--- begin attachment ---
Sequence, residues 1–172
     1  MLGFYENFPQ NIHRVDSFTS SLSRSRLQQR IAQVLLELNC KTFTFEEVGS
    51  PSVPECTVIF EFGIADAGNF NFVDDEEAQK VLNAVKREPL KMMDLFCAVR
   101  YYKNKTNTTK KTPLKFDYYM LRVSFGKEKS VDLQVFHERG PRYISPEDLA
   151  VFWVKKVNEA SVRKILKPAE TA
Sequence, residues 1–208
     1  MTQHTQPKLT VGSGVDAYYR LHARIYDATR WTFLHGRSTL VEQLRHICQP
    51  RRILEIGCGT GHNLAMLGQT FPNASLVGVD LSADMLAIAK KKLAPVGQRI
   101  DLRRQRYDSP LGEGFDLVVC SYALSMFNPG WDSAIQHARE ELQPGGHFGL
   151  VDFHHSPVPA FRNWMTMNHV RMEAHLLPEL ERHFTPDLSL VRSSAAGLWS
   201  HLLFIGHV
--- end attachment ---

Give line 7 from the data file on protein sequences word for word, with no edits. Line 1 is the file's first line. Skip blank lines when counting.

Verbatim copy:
     1  MTQHTQPKLT VGSGVDAYYR LHARIYDATR WTFLHGRSTL VEQLRHICQP